Evian Gordon, a neuroscientist at the University of Sydney Medical School, outlines how the brain works in his book The Brain Revolution: Know and Train New Brain Habits. He calls it the 1-2-4 brain model:
- Our brain has a key organizing principle: minimize danger and pain and maximize reward. When our brain judges something to be threatening our perception of reality is affected because there are five times more neural networks for processing threats than rewards.
- Our brain has two operational modes: conscious and non-conscious. Most of our brain’s operations function at the level of the non-conscious.
- Our brain has four highly-integrated ways to process information: emotion, thinking, feeling, and self-regulation.
Research from Daniel Kahneman and Amos Tversky published in their book, Thinking, Fast and Slowidentifies the brains quick or “hot” cognition involving instinct, quick reactions, and automatic responses, and the brain’s slow or “cool” system of careful reflection and analysis. Slow thinking can be seen as a sort of autopilot according to the authors. It’s helpful in certain situations involving obvious and straightforward decisions. But in more complicated decision-making contexts, it can cause more harm than good. Kahneman says Western business culture puts a premium on individualism and fast decision making, puttying a premium on quick action.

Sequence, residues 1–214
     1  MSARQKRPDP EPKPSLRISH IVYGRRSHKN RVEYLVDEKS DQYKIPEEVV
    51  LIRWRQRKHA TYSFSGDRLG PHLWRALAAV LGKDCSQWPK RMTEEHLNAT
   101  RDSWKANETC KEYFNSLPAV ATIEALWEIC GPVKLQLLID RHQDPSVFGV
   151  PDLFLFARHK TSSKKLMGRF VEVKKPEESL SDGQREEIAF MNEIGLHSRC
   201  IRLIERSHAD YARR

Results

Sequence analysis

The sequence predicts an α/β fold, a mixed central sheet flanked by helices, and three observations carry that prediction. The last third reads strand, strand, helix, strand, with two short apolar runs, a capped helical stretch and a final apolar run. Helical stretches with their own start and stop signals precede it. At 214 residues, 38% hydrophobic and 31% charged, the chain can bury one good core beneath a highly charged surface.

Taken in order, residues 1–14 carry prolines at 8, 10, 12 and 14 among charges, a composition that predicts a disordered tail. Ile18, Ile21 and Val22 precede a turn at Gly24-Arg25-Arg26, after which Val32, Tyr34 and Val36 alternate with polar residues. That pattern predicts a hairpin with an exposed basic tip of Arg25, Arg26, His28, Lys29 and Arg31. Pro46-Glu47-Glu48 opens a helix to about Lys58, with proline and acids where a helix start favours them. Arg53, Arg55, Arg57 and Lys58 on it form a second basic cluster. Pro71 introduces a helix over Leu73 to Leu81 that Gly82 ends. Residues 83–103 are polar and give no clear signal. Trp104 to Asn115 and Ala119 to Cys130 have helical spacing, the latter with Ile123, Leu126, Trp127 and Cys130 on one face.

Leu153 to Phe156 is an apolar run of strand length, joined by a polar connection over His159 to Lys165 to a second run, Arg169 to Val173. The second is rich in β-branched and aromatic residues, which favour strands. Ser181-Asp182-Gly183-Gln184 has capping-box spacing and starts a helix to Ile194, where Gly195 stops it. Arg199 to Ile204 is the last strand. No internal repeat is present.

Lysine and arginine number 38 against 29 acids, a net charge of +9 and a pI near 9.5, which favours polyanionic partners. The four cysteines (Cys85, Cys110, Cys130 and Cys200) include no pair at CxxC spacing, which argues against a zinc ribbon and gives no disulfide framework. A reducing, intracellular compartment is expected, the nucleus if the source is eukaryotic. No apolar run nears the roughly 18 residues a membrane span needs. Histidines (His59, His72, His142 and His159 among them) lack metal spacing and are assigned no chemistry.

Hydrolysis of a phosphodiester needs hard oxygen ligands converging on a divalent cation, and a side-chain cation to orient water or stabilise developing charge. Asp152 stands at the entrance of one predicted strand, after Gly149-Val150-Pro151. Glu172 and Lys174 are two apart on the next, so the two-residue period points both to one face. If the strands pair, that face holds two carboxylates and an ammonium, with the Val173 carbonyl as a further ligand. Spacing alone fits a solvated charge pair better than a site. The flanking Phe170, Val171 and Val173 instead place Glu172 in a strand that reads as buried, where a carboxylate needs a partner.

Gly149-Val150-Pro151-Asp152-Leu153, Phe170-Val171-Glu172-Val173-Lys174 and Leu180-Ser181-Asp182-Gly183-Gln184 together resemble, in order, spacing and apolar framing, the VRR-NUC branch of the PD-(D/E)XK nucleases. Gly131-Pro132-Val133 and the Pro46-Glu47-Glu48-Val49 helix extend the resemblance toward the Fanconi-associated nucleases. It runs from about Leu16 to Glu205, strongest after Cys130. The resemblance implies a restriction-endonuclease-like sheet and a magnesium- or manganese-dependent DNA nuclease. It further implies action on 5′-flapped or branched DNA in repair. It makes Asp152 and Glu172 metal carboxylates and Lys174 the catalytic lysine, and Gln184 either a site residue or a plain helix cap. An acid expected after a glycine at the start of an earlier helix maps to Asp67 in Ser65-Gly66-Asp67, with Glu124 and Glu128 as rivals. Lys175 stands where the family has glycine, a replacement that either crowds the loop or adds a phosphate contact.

Various authors have proposed a specific neurological basis for emotional intelligence or skills (Ashkanasy, 2003; Goleman, Boyatzis, & McKee, 2001). Goleman et al. (2001) noted that emotional intelligence has a basis in brain circuitry and further suggested that it derives from cortical regions of the brain interpret and manage neurotransmitter signals from the brain’s limbic system. Morse (2006) suggested that a leader’s use of emotions and reasoning for the purpose of formulating and espousing a vision has a basis in the limbic system. Naqvi, Shiv, and Bechara (2006) further suggested that parts of the brain, such as the ventromedial prefrontal cortex, may help a person to balance emotions in decision making, especially in situations in which outcomes are ambiguous or uncertain. There is also recent research showing that regions of the cortex may help to assess risk and guide behaviors in anticipation of emotional consequences, including such negative consequences as fear and despair (Paulus, Rogalsky, Simmons, Feinstein, & Stein. 2003; Sanfey et al., 2003).